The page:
Watching the commentaries on classic Doctor Who DVDs I find myself learning an awful lot about the technical details of the show. Sometimes I come across the answer to some odd question that I've always wondered about, but never known how to find the answer for.
This week's revelation is about single-camera filming versus multi-camera filming.
I've often wondered why directors don't ALWAYS film with multiple cameras. By filming the same scene simultaneously from several different angles, wouldn't that reduce the amount of time needed to film the different scene elements? Wouldn't it reduce continuity errors?
Multi-camera shooting certainly IS faster, and it DOES make doing continuity a little easier -- requiring continuity checks only for re-takes of entire scenes, as opposed to whenever a scene is shot from a different angle. Another benefit of multi-camera shooting is that foley work becomes less necessary; everybody's voices and movements naturally sync together, instead of needing to be spliced up in an editing room later.
But these Doctor Who commentaries have given me insight into the NEGATIVE aspects of a multi-camera shoot...and there are a lot of them.
First off, there's the obvious drawback of needing to hire and coordinate several different cameramen. The actors also need to know their lines better, as there are fewer opportunities to check the script. Multi-camera shoots are by necessity more "theatrical" -- everyone in the right spot, everybody blocked out, all hitting their cues exactly -- which means that scenes MUST be rehearsed beforehand. This is a time commitment that might negate the time saved by shooting with multiple cameras.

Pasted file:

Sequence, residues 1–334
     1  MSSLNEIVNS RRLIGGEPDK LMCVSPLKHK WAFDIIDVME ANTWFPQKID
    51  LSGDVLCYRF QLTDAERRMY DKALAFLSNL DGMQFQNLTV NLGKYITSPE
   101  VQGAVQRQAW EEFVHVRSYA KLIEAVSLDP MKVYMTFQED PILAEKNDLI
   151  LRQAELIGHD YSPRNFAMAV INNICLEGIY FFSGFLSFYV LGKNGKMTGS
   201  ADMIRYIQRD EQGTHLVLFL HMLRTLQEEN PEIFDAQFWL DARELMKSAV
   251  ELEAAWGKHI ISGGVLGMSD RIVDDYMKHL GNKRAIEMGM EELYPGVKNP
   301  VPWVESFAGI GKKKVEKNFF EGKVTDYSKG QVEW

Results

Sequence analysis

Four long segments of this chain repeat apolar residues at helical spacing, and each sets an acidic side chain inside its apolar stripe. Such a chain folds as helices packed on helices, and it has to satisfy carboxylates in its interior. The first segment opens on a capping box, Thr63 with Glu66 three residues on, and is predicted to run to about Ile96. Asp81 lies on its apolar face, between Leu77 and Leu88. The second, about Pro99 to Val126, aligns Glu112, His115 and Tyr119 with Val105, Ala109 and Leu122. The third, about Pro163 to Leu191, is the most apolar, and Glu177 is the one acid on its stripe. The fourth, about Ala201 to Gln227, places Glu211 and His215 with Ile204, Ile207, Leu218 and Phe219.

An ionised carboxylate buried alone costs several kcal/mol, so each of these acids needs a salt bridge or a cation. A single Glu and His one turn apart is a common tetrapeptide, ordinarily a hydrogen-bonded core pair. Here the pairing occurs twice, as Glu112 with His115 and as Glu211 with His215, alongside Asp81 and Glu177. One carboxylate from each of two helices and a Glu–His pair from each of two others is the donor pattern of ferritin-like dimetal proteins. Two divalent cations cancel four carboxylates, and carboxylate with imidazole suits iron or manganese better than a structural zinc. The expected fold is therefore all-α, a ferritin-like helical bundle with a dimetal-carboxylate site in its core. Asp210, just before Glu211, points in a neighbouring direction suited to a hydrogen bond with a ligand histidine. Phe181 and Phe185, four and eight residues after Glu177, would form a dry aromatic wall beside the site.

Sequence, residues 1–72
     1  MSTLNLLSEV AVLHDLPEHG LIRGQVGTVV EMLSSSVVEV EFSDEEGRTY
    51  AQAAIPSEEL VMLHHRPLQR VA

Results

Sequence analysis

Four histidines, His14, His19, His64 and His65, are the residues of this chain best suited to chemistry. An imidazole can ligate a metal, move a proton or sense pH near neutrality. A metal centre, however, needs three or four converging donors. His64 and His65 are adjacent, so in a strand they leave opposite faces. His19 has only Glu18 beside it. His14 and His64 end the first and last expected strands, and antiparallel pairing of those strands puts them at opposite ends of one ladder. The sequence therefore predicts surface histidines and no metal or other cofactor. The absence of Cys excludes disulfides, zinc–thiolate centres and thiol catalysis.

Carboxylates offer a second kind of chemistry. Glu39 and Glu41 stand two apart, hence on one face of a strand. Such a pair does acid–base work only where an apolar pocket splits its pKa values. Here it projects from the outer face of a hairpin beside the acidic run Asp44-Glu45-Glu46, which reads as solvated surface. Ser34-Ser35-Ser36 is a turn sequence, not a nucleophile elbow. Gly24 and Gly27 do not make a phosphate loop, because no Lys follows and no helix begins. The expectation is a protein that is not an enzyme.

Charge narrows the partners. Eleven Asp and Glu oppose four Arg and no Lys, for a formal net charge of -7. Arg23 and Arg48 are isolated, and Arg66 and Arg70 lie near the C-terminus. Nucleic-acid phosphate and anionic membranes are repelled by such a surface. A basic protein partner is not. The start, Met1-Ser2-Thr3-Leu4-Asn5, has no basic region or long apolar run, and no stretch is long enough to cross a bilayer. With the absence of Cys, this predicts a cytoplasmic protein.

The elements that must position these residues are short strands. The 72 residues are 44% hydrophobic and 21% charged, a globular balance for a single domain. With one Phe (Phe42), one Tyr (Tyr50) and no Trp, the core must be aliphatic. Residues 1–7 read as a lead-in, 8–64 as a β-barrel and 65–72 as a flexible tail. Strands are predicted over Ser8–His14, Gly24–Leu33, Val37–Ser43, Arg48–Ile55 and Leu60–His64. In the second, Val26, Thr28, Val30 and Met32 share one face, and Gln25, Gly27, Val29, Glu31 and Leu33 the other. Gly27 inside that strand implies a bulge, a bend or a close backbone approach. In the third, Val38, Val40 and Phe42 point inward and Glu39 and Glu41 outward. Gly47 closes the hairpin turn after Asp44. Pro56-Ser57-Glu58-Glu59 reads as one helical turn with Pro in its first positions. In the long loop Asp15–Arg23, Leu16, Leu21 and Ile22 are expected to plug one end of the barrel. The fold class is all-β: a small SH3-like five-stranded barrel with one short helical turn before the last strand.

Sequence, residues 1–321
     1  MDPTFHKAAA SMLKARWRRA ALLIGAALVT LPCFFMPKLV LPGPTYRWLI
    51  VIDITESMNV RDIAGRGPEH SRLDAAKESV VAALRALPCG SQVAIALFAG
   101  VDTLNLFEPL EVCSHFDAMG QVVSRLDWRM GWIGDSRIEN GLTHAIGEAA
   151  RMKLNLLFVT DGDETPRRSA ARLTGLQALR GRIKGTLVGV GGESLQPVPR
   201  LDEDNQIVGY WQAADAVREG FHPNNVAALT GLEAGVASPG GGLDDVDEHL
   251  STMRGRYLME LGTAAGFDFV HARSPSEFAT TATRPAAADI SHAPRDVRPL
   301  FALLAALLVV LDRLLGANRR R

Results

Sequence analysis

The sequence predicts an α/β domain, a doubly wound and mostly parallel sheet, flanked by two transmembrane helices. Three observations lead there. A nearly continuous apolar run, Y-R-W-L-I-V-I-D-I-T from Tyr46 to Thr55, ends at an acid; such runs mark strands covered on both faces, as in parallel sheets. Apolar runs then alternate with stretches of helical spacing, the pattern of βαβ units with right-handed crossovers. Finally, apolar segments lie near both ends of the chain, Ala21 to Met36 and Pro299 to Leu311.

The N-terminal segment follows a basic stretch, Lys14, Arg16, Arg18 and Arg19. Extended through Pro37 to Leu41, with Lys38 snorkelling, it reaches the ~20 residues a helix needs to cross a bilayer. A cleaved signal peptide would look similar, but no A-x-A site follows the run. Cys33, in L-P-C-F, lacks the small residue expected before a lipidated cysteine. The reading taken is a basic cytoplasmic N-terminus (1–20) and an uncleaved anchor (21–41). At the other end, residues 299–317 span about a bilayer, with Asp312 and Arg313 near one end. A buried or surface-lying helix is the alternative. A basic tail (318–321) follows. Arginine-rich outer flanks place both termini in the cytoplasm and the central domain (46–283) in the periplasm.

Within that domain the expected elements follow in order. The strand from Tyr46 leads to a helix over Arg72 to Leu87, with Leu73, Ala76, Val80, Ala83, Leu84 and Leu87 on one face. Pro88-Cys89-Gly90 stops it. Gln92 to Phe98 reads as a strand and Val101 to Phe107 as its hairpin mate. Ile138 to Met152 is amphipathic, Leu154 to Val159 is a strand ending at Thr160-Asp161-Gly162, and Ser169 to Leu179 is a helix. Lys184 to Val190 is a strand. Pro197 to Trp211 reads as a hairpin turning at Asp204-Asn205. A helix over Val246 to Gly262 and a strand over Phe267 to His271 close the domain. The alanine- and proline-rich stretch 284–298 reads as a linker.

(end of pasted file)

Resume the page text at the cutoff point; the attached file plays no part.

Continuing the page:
More important, however, are concerns of lighting and sound. When you're only filming with one camera the director of photography can set up the lighting of each shot individually, paying close attention to those aspects of cinematography which make films look so much better than television programs. The boom operators can likewise record each shot in an optimal way, without needing to worry about actors wandering around the entire set and getting out of range.
But when you shoot with multiple cameras, the lighting is compromised: it must be adequate from every potential camera angle. And boom operators need to cover everybody no matter where they end up, instead of focusing on a small segment of dialog which must be recorded.
Finally, it's difficult to do really nice, elaborate close-ups of characters when multiple cameras are involved, for the obvious reason that the camera doing the close-up would become visible to all the OTHER cameras. This is one reason why fight scenes in the old Doctor Who tended to be filmed with single cameras, allowing tighter shots and therefore making it all look more tense and action-packed.
Nowadays it seems that multiple-camera techniques are rarely used except when a big, one-time-only practical effect is being shot, or when filming in front of a live studio audience. Otherwise, for reasons of lighting, sound, and general flexibility, single cameras are most desirable.